There are hikes where pictures don't come close to representing the true beauty of the views, and this is one of them. A more strenuous hike than you'd expect for a 5.4 mile 1,960 foot ascent, the hike has some unrelenting inclines and a steep final spur trail up to Chimney Top. You'll feel like you've hiked closer to 10 miles by the time you get back to the parking area. This hike is not nearly as popular as the views and camping deserve, so get out there soon before the word gets out!
The Chimney Top hike is part of the northern section of the 24.7 mile North Fork Mountain Trail traverse hike with this area having the greatest density of overlooks. If you are considering doing the Chimney Top hike as an overnight backpack there are three good campsites. Two along the ridge wall, and the other at the Chimney Top summit. Keep in mind that there are no water sources on this 4.5 mile out/back route and you will need to carry water up with you.
Mile 0.0 – From the parking area pass the information Kiosk and start up the blue triangle blazed North Fork Mountain Trail. The trail will wind upwards on the mountain through a forested area with good cover. Pine is also located along the trail which makes for a nice layer of needles to hike on. After climbing for 1.55 miles the trail makes its final switchback before the first overlook on the ridge wall. The trail will open up here with less cover.
Mile 2.7 - Arrive at the Chimney Top summit campsite. Pass through the campsite to see Chimney Top with sweeping views of the valley. There are multiple viewpoints from the summit of the valley below. Use extreme care if you decide to climb around the rocks. A fall here will be fatal. Return down the steep spur trail and retrace your route back to the parking area.
Mile 5.4 - Arrive back at Smoke Hole Rd. and parking area.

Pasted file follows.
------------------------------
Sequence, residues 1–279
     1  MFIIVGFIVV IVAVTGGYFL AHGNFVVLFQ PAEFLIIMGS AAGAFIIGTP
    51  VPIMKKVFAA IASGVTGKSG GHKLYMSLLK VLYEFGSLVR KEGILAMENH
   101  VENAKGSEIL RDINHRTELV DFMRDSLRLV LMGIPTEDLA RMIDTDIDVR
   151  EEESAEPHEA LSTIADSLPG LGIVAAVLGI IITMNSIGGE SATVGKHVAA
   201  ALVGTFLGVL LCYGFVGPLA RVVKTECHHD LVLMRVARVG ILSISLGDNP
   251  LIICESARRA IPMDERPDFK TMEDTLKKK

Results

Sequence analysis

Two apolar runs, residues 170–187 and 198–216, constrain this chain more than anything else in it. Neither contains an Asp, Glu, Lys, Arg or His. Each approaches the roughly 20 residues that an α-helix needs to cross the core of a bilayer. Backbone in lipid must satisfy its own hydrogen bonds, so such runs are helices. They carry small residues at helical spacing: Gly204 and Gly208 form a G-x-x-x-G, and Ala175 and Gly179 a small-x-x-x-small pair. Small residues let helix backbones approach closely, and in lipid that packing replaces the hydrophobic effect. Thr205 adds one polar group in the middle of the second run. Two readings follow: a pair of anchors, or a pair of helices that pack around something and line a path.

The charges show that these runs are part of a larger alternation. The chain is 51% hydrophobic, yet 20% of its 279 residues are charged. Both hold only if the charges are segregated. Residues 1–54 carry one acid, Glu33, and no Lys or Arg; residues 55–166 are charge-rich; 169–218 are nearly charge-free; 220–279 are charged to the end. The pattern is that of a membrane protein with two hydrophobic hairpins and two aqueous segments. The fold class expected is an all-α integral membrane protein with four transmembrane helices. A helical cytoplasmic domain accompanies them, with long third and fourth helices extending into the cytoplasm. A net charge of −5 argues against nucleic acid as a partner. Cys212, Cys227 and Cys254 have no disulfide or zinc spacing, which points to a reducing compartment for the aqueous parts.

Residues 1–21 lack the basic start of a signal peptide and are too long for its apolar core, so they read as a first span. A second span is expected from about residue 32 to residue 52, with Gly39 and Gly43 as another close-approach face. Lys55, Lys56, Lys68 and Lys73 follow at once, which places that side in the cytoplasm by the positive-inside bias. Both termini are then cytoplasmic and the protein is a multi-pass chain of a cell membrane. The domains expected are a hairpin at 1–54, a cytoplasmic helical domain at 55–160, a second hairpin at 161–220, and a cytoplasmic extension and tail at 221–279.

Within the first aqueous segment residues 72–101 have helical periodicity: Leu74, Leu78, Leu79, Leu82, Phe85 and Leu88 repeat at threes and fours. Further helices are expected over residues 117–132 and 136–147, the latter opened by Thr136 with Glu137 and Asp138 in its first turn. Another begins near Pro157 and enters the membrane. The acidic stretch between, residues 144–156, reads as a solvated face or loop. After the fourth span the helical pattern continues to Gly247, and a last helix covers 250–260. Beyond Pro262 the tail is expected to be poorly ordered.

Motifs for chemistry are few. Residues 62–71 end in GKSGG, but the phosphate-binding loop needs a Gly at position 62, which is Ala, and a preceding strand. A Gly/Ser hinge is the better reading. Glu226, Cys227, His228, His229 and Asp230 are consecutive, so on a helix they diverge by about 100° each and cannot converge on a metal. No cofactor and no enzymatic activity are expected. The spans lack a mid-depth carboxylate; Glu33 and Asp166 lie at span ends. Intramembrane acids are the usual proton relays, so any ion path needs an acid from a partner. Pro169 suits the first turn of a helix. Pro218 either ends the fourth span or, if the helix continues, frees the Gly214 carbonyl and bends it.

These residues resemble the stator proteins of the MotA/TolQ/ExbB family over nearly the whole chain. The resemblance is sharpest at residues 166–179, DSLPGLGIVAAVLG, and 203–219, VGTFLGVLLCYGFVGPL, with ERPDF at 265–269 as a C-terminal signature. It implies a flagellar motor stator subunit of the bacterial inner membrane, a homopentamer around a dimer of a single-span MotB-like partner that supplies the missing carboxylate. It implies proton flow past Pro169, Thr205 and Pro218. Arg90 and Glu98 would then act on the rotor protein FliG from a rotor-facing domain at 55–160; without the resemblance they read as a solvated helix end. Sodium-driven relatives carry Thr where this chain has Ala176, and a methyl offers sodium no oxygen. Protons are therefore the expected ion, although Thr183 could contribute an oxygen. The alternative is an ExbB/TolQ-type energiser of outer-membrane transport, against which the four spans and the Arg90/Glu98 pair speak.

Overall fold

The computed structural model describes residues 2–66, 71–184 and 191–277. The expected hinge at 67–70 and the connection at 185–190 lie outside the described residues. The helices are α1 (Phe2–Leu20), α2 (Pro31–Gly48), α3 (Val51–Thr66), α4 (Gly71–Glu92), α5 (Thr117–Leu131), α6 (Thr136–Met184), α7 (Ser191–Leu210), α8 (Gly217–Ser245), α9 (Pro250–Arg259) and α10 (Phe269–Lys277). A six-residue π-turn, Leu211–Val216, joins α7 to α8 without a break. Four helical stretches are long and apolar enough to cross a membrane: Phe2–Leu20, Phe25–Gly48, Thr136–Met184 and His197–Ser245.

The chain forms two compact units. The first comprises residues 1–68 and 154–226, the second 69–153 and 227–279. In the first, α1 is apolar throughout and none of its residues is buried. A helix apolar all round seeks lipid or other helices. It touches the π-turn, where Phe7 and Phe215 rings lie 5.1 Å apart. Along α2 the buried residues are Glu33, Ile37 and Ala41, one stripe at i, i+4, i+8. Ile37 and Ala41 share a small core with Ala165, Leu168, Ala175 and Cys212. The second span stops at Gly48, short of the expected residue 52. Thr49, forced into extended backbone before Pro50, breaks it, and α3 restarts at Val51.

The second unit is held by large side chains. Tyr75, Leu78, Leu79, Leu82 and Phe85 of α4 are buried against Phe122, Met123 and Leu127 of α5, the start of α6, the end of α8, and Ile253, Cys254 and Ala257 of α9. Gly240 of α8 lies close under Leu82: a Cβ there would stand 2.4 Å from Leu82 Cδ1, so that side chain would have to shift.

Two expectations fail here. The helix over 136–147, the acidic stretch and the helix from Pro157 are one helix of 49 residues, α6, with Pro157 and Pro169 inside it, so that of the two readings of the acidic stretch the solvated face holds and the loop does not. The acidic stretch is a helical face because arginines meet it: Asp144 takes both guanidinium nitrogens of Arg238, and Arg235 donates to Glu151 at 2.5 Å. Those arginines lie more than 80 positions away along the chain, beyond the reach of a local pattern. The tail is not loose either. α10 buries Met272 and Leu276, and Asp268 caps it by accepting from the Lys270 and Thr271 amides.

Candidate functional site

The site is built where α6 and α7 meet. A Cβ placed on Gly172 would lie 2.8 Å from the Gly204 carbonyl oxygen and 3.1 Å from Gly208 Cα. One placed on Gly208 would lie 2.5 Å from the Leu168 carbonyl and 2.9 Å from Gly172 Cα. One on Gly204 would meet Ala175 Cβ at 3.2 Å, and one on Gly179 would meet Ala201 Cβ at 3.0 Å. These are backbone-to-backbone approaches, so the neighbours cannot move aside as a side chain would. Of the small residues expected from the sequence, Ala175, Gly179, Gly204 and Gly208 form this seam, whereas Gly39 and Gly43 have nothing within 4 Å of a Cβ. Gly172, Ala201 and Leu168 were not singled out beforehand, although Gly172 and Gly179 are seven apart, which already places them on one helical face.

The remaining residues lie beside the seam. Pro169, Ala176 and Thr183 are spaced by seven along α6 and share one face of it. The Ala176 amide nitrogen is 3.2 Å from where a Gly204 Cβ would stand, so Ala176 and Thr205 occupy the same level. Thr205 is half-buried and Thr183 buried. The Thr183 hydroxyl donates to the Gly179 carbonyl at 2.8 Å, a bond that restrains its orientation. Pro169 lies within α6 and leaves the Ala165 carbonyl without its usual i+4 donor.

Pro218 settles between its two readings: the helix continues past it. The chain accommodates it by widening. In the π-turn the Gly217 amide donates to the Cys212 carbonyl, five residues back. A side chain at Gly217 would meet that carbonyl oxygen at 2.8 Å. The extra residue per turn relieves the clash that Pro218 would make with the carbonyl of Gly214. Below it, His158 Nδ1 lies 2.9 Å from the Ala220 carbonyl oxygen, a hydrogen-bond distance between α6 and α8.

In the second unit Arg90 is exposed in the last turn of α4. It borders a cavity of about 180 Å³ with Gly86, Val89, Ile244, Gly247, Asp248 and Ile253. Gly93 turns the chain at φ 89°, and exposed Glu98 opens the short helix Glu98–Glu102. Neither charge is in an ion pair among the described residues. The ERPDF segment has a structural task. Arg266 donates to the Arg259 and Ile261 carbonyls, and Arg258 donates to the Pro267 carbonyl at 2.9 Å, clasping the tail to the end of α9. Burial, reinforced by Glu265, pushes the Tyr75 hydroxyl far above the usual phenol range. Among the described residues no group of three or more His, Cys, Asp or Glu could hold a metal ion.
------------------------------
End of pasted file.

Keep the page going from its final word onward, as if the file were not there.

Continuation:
Calculate roughly how many calories you could burn on the Chimney Top hike:
Reviews For The Chimney Top Hike (5 Most Recent)
Let me start off with the bad news. The rating for solitude was clearly before this hike was listed on hiking upward. I started on a freezing saturday in October and the mountain was packed with people all throughout the night and into our departure on sunday morning, including a rowdy crew enjoying a few adult beverages, some slackliners, a church group of more than 30 people and a few families with kids. Also, just being a bit of a stickler here, the difficulty should be higher. It has the same 4 stars that humpback rocks has and is far more difficult. I actually believe it is on par with the Priest hike in terms of difficulty.
But more importantly... Those views. Totally worth it. Every last bit of it. Made me want to invest in a better camera because I am sitting here looking at my pictures and they are amazing, but still can not even begin to do it justice.
Date of Hike: Sunday, August 19, 2018
Did this on a cloudy day in August just as the directions read. Thoroughly enjoyed it - even with obscured views due to weather. Headed back tomorrow - plan on hiking further along the ridge and then back. Highly recommend this hike for any skill level.
Peter with Melinda and Liz
Date of Hike: Saturday, August 4, 2018
Since I was hiking back from Chimney Top and passed Hiking Upward on their way up, I guess I'll be the first to review this hike.
This is my favorite hike. The views are great as soon as you hit the ridge about a mile from the overlook, and make it very tempting to conclude your hike there. Once you get to the Chimney Top area, the view is spectacular, only there is a trail in the bushes that takes an easy climb down and then up to get you to the top.
The view from the top is exceptional, an almost unobstructed 360°, set on bleached rocks that are more reminiscent of cave formations or a lunar landing. Make sure you check out the geo-marker, and the views to the north and south at this overlook. The way you'll know you're at the summit is if you see a huge cairn on a rock formation you can't climb to.
Chimney top's views are the best in West Virginia, mainly for their uniqueness. You have the 360° views Spruce Knob should have, a wall similar to the Endless Wall trail at New River Gorge, the valley views of Bear Rocks, all set in a terrain package that is to me unique in not only West Virginia, but also Virginia and Maryland.
This hike is not for someone out of shape. It may only be about 2000 feet in elevation, but it's the way the ascents are that make it harder than a hike of equivalent elevation. The last portion up to the chimney top area will leave anyone huffing and puffing.
Its a great hike.
Chimney Top Summit - Courtesy of Peter Vladislav Uhlir